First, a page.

In This Edition:
Building the Helix Highway: Detours & Speed Bumps
11 July 2008 — Eleven days ago we shipped the Intel-native version of Helix Server, along with new Preview Releases of Helix Client and Helix Engine (also running natively on Intel-based Macs) and breathed a huge sigh of relief. We finally shipped a new product that faithful upgrade customers could purchase. The result has been encouraging as many of you stepped up (again!) and bought the upgrade, including some of you who were not intending on installing it right away.You reasoned, rightly so, that we could use the money. For that, we thank you.
In many of our previous editions of The Latest Word we’ve likened the process of bringing Helix to OS X to a journey. After shipping Helix Server for Intel, we thought we were finally out on the open highway, ready to roll down the windows, let the wind whip through our hair, and make time. When suddenly…
As soon as we shipped Helix Client/Server 6.1.1 we got a message about a bug. A user reported that when using Helix Server for Intel, queries on dates were not working. They would sometimes show all the records, and other times they would show none of the records, but it would not show the right subset of records. That’s a pretty serious bug. We suggested switching to Helix Server for PowerPC as a temporary workaround while we investigated. Fortunately this one was very easy to reproduce, and we had it fixed within a couple of days. That was a good thing, because as soon as we started beta testing this fix, we were contacted about yet another bug. In this case, using Helix Client Classic to paste a large (over 32K) picture into a picture field would not work. Once again this was very easy to reproduce and just as easy to fix.
And so, less than two weeks after the release of Helix Client/Server 6.1.1 we are announcing the immediate availability of… Helix Client/Server 6.1.2! You can read more about this release on the Helix 6.1 product page.
During this time we also had a chance to study the crash logs that our new Helix Server for Intel was producing. Our own techdb was crashing 2–3 times a day, and at first they seemed to be ‘all over the map’ as far as where the problem was. But then the common thread was discovered and in the 6 days since we switched to Helix Server for Intel 6.1.2 we have not had a single crash. We can’t guarantee that every installation will be this trouble-free, but we are pretty confident that we’ve reached that level of stability Helix Server users have come to expect.
Before we leave this subject, there is one more thing that must be said: about a year ago we had a tough decision to make: keep plowing forward with the PowerPC-only Engine and Client and get them out sooner, or take a (hopefully short) detour to do the work required to extend Helix into the new world of Intel-native code. Obviously we chose the detour, which was at times painfully longer than we thought we (and you) could endure. However, thanks in no small part to the Universal Pioneers who financed that work, we are now reaping the rewards. Six months ago there was no way we could have found and fixed bugs as fast as we can today. We are really starting to hit our stride and are optimistic that the rate of progress will only continue to accelerate in the weeks to come. As evidence of that, we also are also announcing today new Preview Releases of Helix Client and Helix Engine. We’re now in a place where we can roll these improvements out pretty fast.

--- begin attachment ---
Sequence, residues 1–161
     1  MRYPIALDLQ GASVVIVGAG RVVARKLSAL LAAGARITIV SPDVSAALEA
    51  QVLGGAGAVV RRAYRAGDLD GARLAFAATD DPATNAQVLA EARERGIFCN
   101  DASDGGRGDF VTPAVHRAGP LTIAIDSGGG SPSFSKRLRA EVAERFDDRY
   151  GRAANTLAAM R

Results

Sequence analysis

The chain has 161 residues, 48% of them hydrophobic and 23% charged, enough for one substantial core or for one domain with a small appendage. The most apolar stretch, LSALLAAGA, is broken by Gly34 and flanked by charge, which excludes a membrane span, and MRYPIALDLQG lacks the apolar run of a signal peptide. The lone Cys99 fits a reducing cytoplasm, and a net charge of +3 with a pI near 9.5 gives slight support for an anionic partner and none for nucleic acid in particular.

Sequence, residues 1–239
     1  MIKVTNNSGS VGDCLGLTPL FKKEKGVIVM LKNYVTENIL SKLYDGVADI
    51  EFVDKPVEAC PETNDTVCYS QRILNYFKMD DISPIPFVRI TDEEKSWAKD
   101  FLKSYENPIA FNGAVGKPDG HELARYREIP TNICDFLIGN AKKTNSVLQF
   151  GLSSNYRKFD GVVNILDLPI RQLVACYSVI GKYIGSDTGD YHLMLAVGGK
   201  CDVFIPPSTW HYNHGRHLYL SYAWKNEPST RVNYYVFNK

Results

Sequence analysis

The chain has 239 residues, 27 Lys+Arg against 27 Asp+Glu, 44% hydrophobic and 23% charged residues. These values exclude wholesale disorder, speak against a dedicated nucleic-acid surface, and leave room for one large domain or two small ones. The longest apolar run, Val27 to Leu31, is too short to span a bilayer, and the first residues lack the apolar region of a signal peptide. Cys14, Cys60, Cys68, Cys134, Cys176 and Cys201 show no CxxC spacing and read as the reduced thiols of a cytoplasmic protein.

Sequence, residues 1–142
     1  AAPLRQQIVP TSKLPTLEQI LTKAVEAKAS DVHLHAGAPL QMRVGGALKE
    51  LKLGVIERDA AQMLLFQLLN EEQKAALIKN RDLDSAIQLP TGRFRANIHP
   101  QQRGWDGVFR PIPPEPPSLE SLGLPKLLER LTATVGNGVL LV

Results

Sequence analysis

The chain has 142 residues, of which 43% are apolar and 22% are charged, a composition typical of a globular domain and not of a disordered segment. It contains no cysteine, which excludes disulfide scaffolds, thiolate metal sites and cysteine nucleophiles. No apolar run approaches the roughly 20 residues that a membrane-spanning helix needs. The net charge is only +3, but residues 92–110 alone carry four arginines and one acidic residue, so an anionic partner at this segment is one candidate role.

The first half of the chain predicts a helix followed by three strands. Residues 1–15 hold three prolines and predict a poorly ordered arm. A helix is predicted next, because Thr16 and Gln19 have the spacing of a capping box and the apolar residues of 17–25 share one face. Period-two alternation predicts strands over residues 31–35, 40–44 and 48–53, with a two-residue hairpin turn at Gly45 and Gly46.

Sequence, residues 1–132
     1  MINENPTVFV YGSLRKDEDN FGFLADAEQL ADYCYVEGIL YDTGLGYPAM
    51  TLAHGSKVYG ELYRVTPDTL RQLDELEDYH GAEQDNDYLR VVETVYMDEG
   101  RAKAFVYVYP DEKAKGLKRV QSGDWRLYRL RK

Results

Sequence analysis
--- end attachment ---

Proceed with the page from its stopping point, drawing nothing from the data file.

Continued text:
And speaking of fast, end users are reporting that Helix Server for Intel is easily twice as fast as Helix Server for PowerPC. If you’re using an Intel Mac as your server but running Helix Server 6.0 or Helix Server for PowerPC 6.1, you’re running under Rosetta. Helix Server for Intel eliminates the need for Rosetta and brings you the speed you expected when you purchased your new machine. So if speed considerations were part of your upgrade concerns, this one is a no-brainer.
But we realize “Helix users do not live by speed alone.” There are other important considerations as well. Since we first shipped Helix Server for PowerPC and the Preview Release of Helix Client, a couple of hot topics have dominated the airwaves and we’re going to address them here.
Speed Bump Ahead
The first one we’d like to discuss is speed. Our initial tests showed Helix Server for PowerPC 6.1 running slightly faster than Helix Server OS X 6.0 and Helix Server for Intel 6.1 about twice as fast, which about what we expected. But then we started getting reports that 6.1 was somewhat slower than 6.0. It took us a bit of head-scratching before we realized the problem. Our tests measured Helix running on a Local Area Network (LAN) and the reports of slowness were coming from people using Helix on a Wide Area Network (WAN).
Although most people still use Helix primarily as a local office database, more and more people are tapping into the power of serving their databases to Clients around the world (or at home) via the internet, and those people were disappointed. And although our work in Helix 6.1 so far has been almost obsessively focused on making the code Intel-native and getting the OS X Client running, we were concerned enough to huddle our engineers for a discussion about it. Two things emerged that are worth sharing with you.
First: a speed sacrifice was required to create Intel Helix. Over the years, much of Helix’s network speed was gained by ‘packaging’ messages together and sending them across the network in one large chunk, leaving it to the recipient to unpack the data and make sense of it. This worked to our advantage when Helix first made the transition from AppleTalk to TCP/IP, where latency is a critical factor in WAN performance. When accessing a Helix Server on a Local Area Network, there is no such issue and local Clients are reporting that they too see the speed improvements we expected.